What do therapists need to do if they would like to Opt In to provide Medicare services?

  • Make sure you have the correct NPI number (NPI 1 for sole proprietors, NPI2 for corporations including both individual and group practices)
  • Verify that your identity is correct in NPPES (National Plan and Provider Enumeration System) (everything must match exactly to the current information)
  • Apply for Medicare in the PECOS system
  • Include in your application every state where you are licensed as well as whether you’re in the Counseling Compact or Psypact
  • If you’d like to add Medicare Advantage to your current insurance panels, let them know you’re opting in
  • If you do not want to bill Medicare Advantage to your current insurance panels, let them know you’re opting out of billing Medicare within each of your contracts
  • Once approved, you need to add your Medicare status to your informed consent
  • Make sure to set up your billing appropriately wherever you bill insurance (EHR or insurance billing software)

What do therapists need to do if they would like to Opt Out of billing Medicare?

  • Find the MAC (Medicare Administrative Contractor) or MACS for all locations where the therapist is licensed to provide therapy services
  • Obtain each specific Opt Out Affidavit from each MAC (Sample from Noridian – MAC for CA)
  • Complete these forms and mail them in to each MAC you need to notify of your Medicare Status
  • Add your Medicare status to your Informed Consent
  • Create/obtain a Private Contract to provide to each of your clients who is Medicare eligible, so you can bill private pay for these clients (Sample from Noridian – MAC for CA)
  • Your opt out is for 2 years and will automatically renew
  • If you’d like to Opt In later, you will have the option up to 30 days before your automatic renewal, but cannot opt in before the 2 year period is up
  • At your opt out renewal, you will need to have your Medicare-eligible patients re-sign their private contract with you

What should therapists consider when deciding whether to take Medicare?

  • Clinical specialty – if you work with folks 65 and older or with disabled folks, you will want to strongly consider taking Medicare as these clients are typically eligible and would like to use their insurance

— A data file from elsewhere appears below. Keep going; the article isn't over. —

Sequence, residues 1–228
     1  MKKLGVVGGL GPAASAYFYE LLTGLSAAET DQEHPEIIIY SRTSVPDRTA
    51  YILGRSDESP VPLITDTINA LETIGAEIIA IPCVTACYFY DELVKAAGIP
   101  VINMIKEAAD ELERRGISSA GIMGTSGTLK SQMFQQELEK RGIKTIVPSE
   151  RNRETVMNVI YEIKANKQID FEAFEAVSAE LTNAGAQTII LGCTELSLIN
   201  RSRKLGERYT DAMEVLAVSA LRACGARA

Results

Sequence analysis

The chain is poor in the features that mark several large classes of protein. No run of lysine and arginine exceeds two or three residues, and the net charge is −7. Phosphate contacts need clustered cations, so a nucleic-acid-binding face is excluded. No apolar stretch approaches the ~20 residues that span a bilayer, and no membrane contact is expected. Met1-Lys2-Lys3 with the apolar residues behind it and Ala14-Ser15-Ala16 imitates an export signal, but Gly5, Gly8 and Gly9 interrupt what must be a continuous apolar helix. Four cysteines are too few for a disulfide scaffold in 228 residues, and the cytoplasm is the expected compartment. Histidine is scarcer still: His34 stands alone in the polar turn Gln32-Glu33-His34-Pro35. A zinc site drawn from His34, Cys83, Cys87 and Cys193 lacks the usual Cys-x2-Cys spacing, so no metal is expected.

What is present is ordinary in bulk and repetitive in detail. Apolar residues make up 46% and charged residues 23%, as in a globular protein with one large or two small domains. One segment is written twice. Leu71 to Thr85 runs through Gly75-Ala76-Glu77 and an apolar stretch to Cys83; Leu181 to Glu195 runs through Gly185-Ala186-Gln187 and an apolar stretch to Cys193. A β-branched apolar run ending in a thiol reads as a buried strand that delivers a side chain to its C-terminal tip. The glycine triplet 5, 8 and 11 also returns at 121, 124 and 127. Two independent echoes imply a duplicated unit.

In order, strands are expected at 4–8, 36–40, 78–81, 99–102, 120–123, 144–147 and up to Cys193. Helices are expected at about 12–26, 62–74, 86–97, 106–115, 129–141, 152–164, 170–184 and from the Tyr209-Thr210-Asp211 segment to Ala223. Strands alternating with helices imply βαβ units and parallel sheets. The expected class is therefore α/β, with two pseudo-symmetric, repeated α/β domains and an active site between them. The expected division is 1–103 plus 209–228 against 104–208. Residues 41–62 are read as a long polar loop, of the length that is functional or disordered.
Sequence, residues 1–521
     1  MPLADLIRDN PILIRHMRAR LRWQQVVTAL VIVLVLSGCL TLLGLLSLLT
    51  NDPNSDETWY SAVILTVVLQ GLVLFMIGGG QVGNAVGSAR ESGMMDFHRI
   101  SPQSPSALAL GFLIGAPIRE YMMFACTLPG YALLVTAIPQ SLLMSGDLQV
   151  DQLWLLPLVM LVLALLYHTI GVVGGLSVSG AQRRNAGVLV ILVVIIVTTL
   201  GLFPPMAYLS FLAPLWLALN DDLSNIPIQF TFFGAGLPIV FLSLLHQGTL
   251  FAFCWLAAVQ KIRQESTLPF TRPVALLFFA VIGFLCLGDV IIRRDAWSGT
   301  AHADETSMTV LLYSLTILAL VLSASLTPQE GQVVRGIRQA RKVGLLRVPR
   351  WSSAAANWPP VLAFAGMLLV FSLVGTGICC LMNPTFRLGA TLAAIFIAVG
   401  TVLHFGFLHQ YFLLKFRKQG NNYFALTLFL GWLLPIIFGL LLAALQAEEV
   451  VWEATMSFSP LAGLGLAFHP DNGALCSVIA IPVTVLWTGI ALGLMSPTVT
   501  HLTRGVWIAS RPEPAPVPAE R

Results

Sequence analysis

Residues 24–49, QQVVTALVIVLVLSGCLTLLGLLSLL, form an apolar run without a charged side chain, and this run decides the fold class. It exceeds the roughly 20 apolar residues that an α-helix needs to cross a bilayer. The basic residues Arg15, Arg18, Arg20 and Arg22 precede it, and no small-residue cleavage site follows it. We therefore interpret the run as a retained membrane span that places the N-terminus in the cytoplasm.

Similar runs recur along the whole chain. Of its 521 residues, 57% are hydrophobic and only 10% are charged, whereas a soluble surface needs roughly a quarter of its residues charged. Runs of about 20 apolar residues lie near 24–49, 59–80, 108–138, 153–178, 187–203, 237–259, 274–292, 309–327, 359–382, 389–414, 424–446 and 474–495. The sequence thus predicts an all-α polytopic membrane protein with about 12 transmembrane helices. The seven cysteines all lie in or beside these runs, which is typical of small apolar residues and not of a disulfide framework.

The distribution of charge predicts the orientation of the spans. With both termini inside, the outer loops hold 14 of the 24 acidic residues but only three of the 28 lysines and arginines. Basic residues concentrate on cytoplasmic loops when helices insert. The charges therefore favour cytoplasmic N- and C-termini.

• Access – if you have the ability (i.e., space in your caseload) to see Medicare patients, there is a huge need for providers who accept this insurance
  • Credibility – there is increased credibility as a provider when you are able to take Medicare
  • Rates – check out what the rates are for the areas where you see clients. To do so, look for your locality on the Physician Fee Schedule and multiply the rates by 75% if you’re a masters level provider. If the rates are sufficient, you will consistently get clients and will consistently get paid. If the rates are not sufficient for your business, you will want to consider opting out and remaining private pay for these clients.
  • Documentation requirements – the documentation requirements are similar for most insurance plans, especially Medicaid. If you’re able to keep clean, efficient documentation, this should not be a deterrent for taking Medicare
  • Billing complexity – you will want to make sure to take trainings available (see below) to understand how you will need to bill this insurance plan and/or hire a biller who does
  • Consistency and recession-proofing your practice – Medicare is known to pay consistently and provide a lot of clients for your practice. As the population ages, this will be a larger and larger portion of the folks seeking mental health services. You may want to consider taking Medicare.


Resources for Modern Therapists mentioned in this Podcast Episode:

We’ve pulled together resources mentioned in this episode and put together some handy-dandy links. Please note that some of the links below may be affiliate links, so if you purchase after clicking below, we may get a little bit of cash in our pockets. We thank you in advance!

California Association of Marriage and Family Therapists (CAMFT)

California Association of Marriage and Family Therapists (CAMFT)

CAMFT’s Medicare Corner (for CAMFT members)

CAMFT’s Medicare Webinars

Centers for Medicare & Medicaid Services (CMS)

CMS: FAQ sheet for LMFTs and LMHCs on Medicare

CMS: Physician Fee Schedule (masters levels clinicians get 75% of rates listed)